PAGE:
And apart from that “best shot,” they’re a good way to explore a given subject a little deeper. Let’s say that you have a postcard of the Chicago city skyline. You can explore the image to see what details may be of interest. Likely, there are buildings or landmarks that you might like to take a closer look at, or maybe the image inspires to you create photographs of city lights at night. Upon closer inspection of these photographs, I almost always find it worthwhile to move around, taking shots from different angles or moving in closer to various details. Like this, you can really get into the scene displayed in the postcard and find your own ideas.

Rainbow Bridge National Monument, Southern Utah.
Rainbow Bridge National Monument, Southern Utah. Located in Bridge Canyon only a little over a mile hike from the edge of Lake Powell, formed behind Glen Canyon Dam. Hikers pause in awe as they get their first full view of this “Rainbow in Stone.” Under its 309 foot height, the Capital in Washington could be placed with room to spare. Snow-mantled Navajo Mountain lends background color. Photo by Josef Muench. (Postcard from my collection)

How to Collect Them

Creating a collection of postcards is incredibly easy. You need only purchase the ones that catch your eye. And they’re available just about everywhere, too. Check gas stations, information centers, museums and other attractions. They can even be purchased online, and these days, it’s simple to create your own if you’d like to add a few personal images to your collection. What’s more, unlike most things related to photography, postcards are very inexpensive.

And there are lots of wonderful reasons to collect them, too, even apart from the potential for inspiration. Postcards are a physical piece of art, not digital, so you’ll have concrete prints to look at. Another thing that makes them especially special is that, in our homes, we only have so much wall space to display framed prints. Even if you make a hobby of collecting photographic prints, at a certain point, you’ll have dozens stashed in a closet where they are difficult to enjoy. It’s just not so easy to pull out framed or matted prints to look through them, and storing them safely can be a challenge. Postcards, however, are much, much easier to collect and organize.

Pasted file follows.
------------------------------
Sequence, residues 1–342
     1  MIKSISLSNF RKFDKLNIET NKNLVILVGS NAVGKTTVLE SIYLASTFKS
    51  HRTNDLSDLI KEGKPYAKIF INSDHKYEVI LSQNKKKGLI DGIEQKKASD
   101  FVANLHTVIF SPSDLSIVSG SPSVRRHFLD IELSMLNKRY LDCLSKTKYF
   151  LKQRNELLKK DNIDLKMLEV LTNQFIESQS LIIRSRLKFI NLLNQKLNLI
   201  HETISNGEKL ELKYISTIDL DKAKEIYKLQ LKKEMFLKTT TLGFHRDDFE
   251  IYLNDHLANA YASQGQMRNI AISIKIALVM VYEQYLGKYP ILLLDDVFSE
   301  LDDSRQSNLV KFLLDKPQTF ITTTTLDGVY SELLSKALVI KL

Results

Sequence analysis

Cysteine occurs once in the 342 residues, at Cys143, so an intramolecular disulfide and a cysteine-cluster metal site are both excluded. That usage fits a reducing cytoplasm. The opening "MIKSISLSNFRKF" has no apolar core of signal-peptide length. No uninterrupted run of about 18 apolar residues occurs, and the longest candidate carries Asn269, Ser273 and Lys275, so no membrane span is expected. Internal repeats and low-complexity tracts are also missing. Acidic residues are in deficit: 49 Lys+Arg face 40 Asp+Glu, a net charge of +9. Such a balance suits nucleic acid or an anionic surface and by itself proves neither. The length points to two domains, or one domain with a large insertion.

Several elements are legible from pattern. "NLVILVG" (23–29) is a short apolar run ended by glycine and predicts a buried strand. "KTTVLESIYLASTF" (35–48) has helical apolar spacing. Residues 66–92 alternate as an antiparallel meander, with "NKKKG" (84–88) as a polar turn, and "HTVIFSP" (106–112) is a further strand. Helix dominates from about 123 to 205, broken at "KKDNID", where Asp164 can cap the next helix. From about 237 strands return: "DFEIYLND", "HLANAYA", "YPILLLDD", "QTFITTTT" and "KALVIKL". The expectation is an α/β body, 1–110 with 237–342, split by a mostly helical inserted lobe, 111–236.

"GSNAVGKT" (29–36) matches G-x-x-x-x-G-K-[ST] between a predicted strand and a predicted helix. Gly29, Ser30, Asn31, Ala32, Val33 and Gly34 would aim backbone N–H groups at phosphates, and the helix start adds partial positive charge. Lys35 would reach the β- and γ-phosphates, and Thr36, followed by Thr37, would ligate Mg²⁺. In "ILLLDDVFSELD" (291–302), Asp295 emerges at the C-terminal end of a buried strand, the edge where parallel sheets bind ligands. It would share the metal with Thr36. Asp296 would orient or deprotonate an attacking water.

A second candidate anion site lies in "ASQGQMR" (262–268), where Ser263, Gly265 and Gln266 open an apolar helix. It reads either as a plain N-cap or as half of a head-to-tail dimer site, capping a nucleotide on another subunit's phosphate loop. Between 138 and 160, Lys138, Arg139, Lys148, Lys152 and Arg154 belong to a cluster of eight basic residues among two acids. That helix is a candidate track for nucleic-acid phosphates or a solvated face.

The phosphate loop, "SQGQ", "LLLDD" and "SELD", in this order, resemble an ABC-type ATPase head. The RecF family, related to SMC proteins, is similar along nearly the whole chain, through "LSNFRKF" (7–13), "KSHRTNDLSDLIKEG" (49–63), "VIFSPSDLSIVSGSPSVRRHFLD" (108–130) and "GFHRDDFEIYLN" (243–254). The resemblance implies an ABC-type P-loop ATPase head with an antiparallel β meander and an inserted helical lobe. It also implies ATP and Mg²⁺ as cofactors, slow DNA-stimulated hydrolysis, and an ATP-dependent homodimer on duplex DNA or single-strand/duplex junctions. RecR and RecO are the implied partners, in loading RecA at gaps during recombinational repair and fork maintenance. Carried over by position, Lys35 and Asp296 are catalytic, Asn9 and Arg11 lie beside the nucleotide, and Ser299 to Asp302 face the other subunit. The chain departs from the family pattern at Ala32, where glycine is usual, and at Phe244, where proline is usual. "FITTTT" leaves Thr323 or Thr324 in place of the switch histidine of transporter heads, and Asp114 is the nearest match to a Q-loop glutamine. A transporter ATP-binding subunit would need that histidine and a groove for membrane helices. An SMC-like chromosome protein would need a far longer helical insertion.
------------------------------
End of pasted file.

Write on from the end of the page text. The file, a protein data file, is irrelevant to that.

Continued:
So feel free to pick whatever organizational system suits you. For some people, this is the old-fashioned shoebox, which can be pulled out whenever needed so you can thumb through postcards at your leisure. Others enjoy taking a few of their favorite postcards and framing them somewhere that they’re easily viewable. Along these lines, you can even create a display wall with strings or wires, using clothespins to hang various postcards so that you have a display you can change around as much as you like. Albums are an option, too, and there are a wide variety to choose from including albums specifically designed for postcards to regular photo albums and scrapbooks, if you feel the need to do something crafty. The potentials for housing your collection are nearly limitless.

Postcard collections can truly be a rewarding hobby. Many people collect them simply to enjoy them. And where we photographers are concerned, there is much more than simple enjoyment to be had! I know that my own collection has helped to inspire dozens, if not hundreds of images, and that alone makes this a more than worthwhile venture.

Will Moneymaker

About the author

Will Moneymaker

Will is a photographer, family historian, a husband of twenty-five years and devoted father of four. The arts have always been a part of his life. Join Will as he shares his thoughts and adventures in photography.